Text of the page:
ISGPF criteria is useful for reporting and comparing the incidence and severity of POPF uniformly among different canters, but its retrospective character does not help predicting the clinical course and clinical decision making in managing the POPF21. In this study Grade A fistulas constituted 45.7% of patients. The critical question in managing these patients is to know, how to identify patients who may develop complications requiring interventions and who can be managed without complications. Very little data are available to predict factors that allow identification of patients, at the time of onset of fistula, as having “high risk” or “low risk” fistula. To identify factors which are associated with high risk fistula, variables studied, were day 1 drain fluid amylase, lipase; day 3 drain fluid amylase, lipase, CRP levels, WBC count; day 5 drain fluid amylase, lipase, CRP levels and day 7 drain fluid amylase and lipase.
Day 1 drain fluid amylase level was found to be significant in predicting high risk fistula in this study with a cut off value of 968 U/L as compared to higher cut off value of 5000 U/L in Molinari E et al series22. Similarly other studies by Sutcliffe et al showed cut off value of day 1 drain fluid amylase concentration 350 U/L and by Kawai et al and El Nakeeb et al, 4000 U/L each, predicting clinically significant POPF8,23-25. Whereas Moskovic et al found no usefulness of day 1 drain fluid amylase level in predicting clinical POPF26. Pratt et al observed latent development of POPF in 26.4% and clinically relevant POPF in 36% of patients, who had normal drain fluid amylase levels and this group of patients faced worst outcome27. Though the mean value of day 1 drain lipase levels was 2122.5 U/L which was comparatively higher than the mean value of day 1 amylase 1190 U/L, it was not associated with clinically significant POPF formation.
Day 3 drain amylase level was found to be significantly associated with predicting high risk POPF formation with cut off value of 294 U/L in our study. Day 3 CRP level was not associated with clinical POPF in this study contrary to Ansorge et al who found day 1 drain amylase, day 2 drain amylase and day 3 CRP levels to be significant for predicting clinically relevant POPF28. A study found increased CRP level in patients requiring reoperation and in patients with in hospital mortality5. Day 3 drain fluid lipase level (median: 174 U/L, range: 28-825 U/L, p = 0.2) was not found to be associated with clinically relevant POPF in this study as compared to another study which found lipase levels > 1000 U/L to be highly sensitive and specific for diagnosis of clinical relevant POPF22.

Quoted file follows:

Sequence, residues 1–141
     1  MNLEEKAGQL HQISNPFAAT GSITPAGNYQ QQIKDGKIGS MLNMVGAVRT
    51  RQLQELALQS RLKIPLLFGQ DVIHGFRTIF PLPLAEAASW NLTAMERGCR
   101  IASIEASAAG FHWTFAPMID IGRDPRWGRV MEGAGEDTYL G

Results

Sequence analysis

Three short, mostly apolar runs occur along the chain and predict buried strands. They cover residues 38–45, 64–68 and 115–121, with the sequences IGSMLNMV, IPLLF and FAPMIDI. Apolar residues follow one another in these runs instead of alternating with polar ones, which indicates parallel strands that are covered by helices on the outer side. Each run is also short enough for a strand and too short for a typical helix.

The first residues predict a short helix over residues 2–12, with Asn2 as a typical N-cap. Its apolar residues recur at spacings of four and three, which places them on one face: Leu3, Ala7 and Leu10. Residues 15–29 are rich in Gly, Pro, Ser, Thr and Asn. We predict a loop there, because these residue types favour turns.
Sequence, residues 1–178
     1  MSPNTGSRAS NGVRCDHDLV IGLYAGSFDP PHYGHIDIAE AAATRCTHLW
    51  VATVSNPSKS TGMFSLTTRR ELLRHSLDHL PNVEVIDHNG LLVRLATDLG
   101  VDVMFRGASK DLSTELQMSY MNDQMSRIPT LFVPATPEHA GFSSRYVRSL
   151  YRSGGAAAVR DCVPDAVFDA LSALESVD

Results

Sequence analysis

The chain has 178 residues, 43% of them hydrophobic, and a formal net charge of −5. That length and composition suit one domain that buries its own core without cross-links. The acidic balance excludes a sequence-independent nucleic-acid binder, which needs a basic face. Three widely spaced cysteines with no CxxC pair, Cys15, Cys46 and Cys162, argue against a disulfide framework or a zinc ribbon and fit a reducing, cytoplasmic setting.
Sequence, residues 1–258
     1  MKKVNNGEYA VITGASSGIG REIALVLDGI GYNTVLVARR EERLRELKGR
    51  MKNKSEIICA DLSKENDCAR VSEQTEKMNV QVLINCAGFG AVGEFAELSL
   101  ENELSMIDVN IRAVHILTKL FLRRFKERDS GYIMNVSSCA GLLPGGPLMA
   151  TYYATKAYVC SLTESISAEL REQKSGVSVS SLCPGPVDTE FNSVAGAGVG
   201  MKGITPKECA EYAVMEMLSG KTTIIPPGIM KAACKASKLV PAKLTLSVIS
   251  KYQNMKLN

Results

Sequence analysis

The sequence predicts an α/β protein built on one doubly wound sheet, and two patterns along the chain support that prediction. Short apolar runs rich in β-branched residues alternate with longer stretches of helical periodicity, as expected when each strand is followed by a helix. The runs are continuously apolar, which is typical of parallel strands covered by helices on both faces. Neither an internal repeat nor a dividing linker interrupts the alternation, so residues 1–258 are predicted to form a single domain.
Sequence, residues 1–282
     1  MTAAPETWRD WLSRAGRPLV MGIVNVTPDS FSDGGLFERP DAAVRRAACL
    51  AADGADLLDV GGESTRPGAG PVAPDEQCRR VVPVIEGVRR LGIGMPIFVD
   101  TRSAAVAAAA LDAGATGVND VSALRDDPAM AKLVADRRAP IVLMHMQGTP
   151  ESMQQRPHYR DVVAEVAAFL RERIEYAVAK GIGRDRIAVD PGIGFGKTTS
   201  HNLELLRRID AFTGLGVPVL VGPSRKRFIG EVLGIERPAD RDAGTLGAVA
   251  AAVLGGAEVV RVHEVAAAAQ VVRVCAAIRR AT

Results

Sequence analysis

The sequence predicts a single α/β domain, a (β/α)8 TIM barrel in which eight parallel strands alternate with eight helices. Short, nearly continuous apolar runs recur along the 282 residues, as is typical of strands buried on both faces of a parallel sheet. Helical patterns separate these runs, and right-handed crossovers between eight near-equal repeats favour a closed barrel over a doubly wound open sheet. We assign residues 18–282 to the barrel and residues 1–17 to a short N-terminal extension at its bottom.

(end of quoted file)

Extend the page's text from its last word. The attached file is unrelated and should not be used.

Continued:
Pre-operative, intra operative or post-operative octreotide did not confer benefit for preventing POPF in our series (table 1,2).There are 11 RCTs involving 2023 patients in whom the somatostatin analogue was examined. Five RCTs from Europe and 1 RCT from Asia showed the benefit of perioperative use of somatostatin analogues to decrease the postoperative complication rate. On the other hand, 2 recent RCTs from Europe and 3 RCTs from USA failed to show benefit6,10. Connor et al. analyzed 10 studies and showed that somatostatin and its analogues reduced rate of biochemical fistula but not the incidence of anastomotic disruption29. Hence the prophylactic use of perioperative somatostatin and its analogues to prevent POPF after pancreatic surgery remains controversial. It does not result in reduction of mortality. However the efficacy of prophylactic octreotide is reported in selective administration in the setting of high risk glands, including patients with either soft glands or small pancreatic duct, in those harbouring ampullary, duodenal cystic or islet lesions, or in cases where intraoperative blood loss is excessive. Prophylactic octreotide did not influence clinically relevant fistula rates among low-risk glands.
Prevalence of PPH in this study was 14.2% which is higher compared to Yekebas et al (5.4%)30. Mortality due to PPH in this study is 2% as compared to higher mortality of 16% in Yekebas. et al series. PPH and other complications, particularly DGE (22.9%), ileus, wound infection, intra-abdominal abscess, pancreatitis, haemorrhage, and sepsis were significantly associated with POPF in this study (p = 0.0001). Nearly all the patients who developed late PPH (3 of the 4 patients) had POPF. Hospital costs, rate of reoperation, hospital stay and readmission were significantly increased.
Post-operative day 1 and day 3 drain fluid amylase >968 U/L and >294 U/L respectively were associated with clinically relevant POPF. This study was limited by small sample size; nevertheless it established the possibility of predicting clinically significant POPF on first postoperative day from simple drain fluid amylase estimation.